Listen to The Fed! Particularly if you are a primary dealer.
(Bloomberg) — Regardless of what you think about the Federal Reserve’s decision to get back into the business of buying Treasuries, one thing is clear: It’s a good time to be a primary dealer.
While this elite-bond trading club may never fully regain its former glory, the prospect of the Fed once again purchasing hundreds of billions of dollars worth of U.S. government debt is set to be a boon for the select group of banks and dealers at the center of the $16.3 trillion Treasury market.
That’s because only primary dealers, which have to bid at U.S. debt auctions, get to sell Treasuries directly to the Fed. And as the U.S. borrows more and more to fund its ballooning deficit, having a captive buyer to offload all those Treasuries could hardly have come at a more opportune time. So while Fed officials are tripping over themselves to stress it’s not quantitative easing, for primary dealers, the fact they’re buying is what really counts.
“The Fed’s secondary market activity provides an additional direct liquidity outlet for primary dealers, which can certainly add to the already strong allure of this distinction,” said Paul Hamill, head of global fixed income, currencies and commodities distribution at Citadel Securities.
For Citadel Securities, the Fed’s decision is a also timely one. The brokerage and market-making firm, part of billionaire Ken Griffin’s empire, has been laying the groundwork to ultimately make markets in all Treasury securities for over a year now — a prerequisite for becoming a primary dealer.
The ranks of primary dealers have slowly started to rebound after falling by more than half since peaking in the late 1980s. In May, Amherst Pierpont Securities became the 24th member and the first addition since 2016, when the Fed tweaked requirements to make it easier for smaller firms to apply.
Back in the day, banks champed at the bit to become primary dealers, which enabled them to gain insights and market intelligence by trading with the Fed. But the role’s benefits have diminished as bond trading has become more regulated, consolidated and transparent.
And in the post QE-era, dealers have been saddled with more and more Treasuries, which they often financed in short-term funding markets, as debt auctions increased along with the deficit. The situation proved to be a key factor in the repo-market turmoil last month.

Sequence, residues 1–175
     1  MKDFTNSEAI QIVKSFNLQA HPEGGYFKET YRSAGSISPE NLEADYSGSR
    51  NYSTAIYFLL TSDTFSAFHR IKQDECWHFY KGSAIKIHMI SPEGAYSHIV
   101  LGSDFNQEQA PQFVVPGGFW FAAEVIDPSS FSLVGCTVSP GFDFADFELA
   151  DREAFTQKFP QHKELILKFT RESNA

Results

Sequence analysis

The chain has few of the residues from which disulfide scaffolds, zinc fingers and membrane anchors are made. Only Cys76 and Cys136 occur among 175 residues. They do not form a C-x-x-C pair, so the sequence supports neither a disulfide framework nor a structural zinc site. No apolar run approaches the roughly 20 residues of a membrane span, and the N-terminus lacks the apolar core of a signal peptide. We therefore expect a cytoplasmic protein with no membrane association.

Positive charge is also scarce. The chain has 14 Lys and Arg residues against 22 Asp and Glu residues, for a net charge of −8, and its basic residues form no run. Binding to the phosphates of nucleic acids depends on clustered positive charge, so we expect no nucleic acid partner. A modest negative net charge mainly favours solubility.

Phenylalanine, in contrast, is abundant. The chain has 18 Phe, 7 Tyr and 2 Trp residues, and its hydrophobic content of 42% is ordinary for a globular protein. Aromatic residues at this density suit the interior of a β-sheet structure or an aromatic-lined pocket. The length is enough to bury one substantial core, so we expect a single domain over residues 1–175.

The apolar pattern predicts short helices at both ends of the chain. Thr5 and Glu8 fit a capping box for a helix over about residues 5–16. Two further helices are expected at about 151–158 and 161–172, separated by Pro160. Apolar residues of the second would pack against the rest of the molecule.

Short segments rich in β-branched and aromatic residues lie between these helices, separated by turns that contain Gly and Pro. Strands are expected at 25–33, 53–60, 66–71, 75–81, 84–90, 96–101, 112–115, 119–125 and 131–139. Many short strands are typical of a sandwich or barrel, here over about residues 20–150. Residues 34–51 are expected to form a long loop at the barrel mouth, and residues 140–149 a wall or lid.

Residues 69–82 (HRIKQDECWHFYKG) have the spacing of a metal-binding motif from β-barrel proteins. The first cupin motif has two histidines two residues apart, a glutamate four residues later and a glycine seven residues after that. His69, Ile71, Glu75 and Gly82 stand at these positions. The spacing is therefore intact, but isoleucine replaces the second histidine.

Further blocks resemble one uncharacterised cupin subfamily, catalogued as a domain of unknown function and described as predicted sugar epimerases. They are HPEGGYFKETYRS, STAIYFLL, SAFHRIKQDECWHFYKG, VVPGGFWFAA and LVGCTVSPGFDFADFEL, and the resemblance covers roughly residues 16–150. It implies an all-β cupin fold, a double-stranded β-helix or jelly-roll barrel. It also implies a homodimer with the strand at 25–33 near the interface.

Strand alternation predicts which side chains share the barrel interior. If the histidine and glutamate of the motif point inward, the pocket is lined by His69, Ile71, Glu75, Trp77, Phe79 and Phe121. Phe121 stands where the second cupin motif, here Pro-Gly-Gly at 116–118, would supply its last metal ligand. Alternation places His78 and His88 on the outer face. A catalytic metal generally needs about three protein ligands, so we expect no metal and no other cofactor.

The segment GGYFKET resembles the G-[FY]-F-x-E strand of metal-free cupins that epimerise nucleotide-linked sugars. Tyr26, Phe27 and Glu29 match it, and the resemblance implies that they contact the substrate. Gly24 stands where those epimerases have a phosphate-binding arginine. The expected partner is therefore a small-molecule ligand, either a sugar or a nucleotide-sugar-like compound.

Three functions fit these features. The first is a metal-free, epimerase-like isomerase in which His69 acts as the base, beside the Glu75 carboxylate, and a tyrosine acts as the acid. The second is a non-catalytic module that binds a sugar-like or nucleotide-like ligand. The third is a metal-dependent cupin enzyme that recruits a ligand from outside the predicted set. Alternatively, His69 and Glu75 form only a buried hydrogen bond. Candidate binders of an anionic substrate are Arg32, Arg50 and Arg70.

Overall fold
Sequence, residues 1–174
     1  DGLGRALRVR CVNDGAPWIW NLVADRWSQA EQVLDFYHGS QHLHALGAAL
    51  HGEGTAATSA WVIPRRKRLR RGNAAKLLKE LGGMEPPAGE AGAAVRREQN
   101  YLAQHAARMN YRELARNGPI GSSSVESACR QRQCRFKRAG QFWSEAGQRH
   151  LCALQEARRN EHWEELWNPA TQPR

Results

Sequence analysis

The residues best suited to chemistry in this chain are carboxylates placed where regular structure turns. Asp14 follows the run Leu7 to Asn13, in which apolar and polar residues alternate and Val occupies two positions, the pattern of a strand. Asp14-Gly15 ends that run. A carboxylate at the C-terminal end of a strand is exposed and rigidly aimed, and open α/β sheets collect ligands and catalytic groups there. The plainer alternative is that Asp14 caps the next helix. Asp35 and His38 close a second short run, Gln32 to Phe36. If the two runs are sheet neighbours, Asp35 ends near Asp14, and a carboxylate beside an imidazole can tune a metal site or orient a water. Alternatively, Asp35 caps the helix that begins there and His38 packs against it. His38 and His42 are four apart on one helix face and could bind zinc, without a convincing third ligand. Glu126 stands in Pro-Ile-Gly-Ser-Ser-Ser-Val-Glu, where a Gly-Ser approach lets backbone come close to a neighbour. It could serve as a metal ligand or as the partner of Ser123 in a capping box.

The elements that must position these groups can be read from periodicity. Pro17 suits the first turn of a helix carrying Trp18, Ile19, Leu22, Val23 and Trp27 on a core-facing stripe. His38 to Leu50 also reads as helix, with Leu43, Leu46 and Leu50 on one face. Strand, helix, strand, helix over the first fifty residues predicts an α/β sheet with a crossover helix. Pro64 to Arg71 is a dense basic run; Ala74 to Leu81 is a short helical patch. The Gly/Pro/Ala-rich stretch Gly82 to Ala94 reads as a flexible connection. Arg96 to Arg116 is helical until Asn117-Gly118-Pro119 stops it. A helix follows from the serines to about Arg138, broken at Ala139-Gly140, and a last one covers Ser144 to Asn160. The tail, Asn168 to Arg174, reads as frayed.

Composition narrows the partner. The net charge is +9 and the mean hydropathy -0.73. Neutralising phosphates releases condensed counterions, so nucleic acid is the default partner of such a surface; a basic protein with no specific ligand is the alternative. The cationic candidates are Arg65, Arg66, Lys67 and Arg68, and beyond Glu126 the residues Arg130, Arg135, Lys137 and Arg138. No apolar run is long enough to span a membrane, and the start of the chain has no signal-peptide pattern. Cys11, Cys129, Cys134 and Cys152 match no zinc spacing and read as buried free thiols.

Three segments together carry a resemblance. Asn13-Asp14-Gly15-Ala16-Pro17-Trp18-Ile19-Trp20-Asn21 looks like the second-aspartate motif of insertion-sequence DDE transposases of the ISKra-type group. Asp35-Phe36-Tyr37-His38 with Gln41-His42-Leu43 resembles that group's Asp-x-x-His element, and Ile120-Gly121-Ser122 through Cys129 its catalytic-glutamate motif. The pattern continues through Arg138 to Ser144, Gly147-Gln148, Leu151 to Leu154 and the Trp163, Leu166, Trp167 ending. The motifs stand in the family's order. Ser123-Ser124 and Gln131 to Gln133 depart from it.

In response, the Fed began buying $60 billion a month of T-bills and building up assets on its balance sheet for the first time since the end of QE. The purchases are intended to ease the funding pressure and help build bank reserves. It’s also pumping cash into the system with temporary repo operations. As the Fed’s counterparties, primary dealers can submit offers to sell for themselves and on behalf of their customers.
“The Fed is going to be coming in to buy a big chuck of them,” said Zachary Griffiths, an interest-rate strategist at Wells Fargo, a primary dealer. That, he said, will help alleviate concern that dealers will be inundated with supply. The U.S. deficit reached almost $1 trillion in fiscal 2019, its fourth straight increase, and economists see it widening further in coming years.
Wall Street strategists and traders also say the Fed may ultimately need to move beyond just purchasing T-bills, and include notes and bonds as well, to maintain ample liquidity in the banking system. Estimates suggest the Fed may buy as much as $300 billion of Treasuries from the open market next year. (Separately, the Fed will also replace maturing securities that it holds by buying directly from the government, helping to finance the deficit.)
“This makes being a primary dealer more attractive because they now have a non-economic buyer to sell to, which offsets some of the risk they face by having to participate in Treasury auctions,” said Scott Buchta, head of fixed income strategy at Brean Capital.
“Whether that will be enough incentive to bring more in is not clear. Still, overall most people become primary dealers because it opens door.”
On the equity side, VIX is muted as the S&P 500 index strives for an all-time high (on China trade optimism and Fed rate cuts.
WIRP (World Interest Rate Probability) is for a 90% probability of a Fed rate cut on October 30th.
As of May 6, 2019, according to the Federal Reserve Bank of New York the list includes:
Amherst Pierpont Securities LLC
Bank of Nova Scotia, New York Agency
BMO Capital Markets Corp.
BNP Paribas Securities Corp.
Barclays Capital Inc.
Cantor Fitzgerald & Co.
Citigroup Global Markets Inc.
Credit Suisse AG, New York Branch
Daiwa Capital Markets America Inc.
Deutsche Bank Securities Inc.
Goldman Sachs & Co. LLC
HSBC Securities (USA) Inc.
J.P. Morgan Securities LLC
Merrill Lynch, Pierce, Fenner & Smith
Mizuho Securities USA LLC
Morgan Stanley & Co. LLC
NatWest Markets Securities Inc.
Nomura Securities International, Inc.
RBC Capital Markets, LLC
Societe Generale, New York Branch
TD Securities (USA) LLC
UBS Securities LLC